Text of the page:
Innovative growth

Readers' views No 257, October 2006
OECD Observer

Letter to the editor: One way OECD countries and others benefit from globalisation is by helping their businesses stay profitable through cost-effective outsourcing, mainly to China and India, and including some knowledge-based activities. In time, these will account for most outsourced work, but as emerging exporters cater to their own domestic markets, the playing field will level out somewhat. Innovation will be important for everyone to stay ahead.

But is creativity monitored by Gross Domestic Product? An appropriate measure would be based on Gross Domestic Innovation, whose correlation with GDP would reveal important trends. Aggregate GDI numbers could be gathered from patents, publications, copyrights and other sources, industry and academia in both scientific and non-scientific disciplines. Even trade secrets could become a source. A GDP quotient would generate a monetary value in terms of products and services generated per unit of innovation. In time, GDI would reflect a mix of employment, productivity and GDP and could be used to segregate sectors by innovation and research. GDI would lend credence to innovation in society at large.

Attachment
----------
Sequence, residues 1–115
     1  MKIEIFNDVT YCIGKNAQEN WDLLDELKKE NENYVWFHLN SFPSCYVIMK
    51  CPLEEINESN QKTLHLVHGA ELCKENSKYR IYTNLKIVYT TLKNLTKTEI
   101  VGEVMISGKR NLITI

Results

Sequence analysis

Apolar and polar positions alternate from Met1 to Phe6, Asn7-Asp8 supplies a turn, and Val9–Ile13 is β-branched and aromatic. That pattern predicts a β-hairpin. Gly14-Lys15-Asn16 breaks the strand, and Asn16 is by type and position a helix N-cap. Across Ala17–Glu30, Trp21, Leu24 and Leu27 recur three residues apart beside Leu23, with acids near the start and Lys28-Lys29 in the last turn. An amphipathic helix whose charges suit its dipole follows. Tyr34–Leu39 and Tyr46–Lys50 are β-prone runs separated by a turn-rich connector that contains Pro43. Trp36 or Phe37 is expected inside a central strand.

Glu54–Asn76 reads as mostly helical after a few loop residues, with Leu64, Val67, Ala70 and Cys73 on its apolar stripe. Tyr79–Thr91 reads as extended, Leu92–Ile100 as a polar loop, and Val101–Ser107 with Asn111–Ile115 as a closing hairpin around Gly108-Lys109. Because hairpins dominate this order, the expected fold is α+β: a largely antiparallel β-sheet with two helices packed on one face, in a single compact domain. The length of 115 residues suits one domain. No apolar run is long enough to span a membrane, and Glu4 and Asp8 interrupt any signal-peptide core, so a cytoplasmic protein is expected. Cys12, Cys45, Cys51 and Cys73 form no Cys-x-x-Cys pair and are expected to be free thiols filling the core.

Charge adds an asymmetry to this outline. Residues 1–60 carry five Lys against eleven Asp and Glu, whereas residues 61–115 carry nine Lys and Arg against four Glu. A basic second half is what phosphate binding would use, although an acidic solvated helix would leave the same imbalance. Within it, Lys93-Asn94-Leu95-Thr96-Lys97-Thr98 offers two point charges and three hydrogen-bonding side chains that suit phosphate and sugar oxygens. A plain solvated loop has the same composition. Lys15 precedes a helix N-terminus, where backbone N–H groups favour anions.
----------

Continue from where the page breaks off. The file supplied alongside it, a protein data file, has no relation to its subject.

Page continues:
Balkrishna Rao
School of Industrial Engineering, Purdue University
West Lafayette, IN, USA

©OECD Observer No 257, October 2006

Economic data

GDP growth: -9.8% Q2/Q1 2020 2020
Consumer price inflation: 1.3% Sep 2020 annual
Trade (G20): -17.7% exp, -16.7% imp, Q2/Q1 2020
Unemployment: 7.3% Sep 2020
Last update: 10 Nov 2020

OECD Observer Newsletter

Stay up-to-date with the latest news from the OECD by signing up for our e-newsletter :

Twitter feed

Digital Editions

Don't miss

Most Popular Articles

NOTE: All signed articles in the OECD Observer express the opinions of the authors
and do not necessarily represent the official views of OECD member countries.

All rights reserved. OECD 2020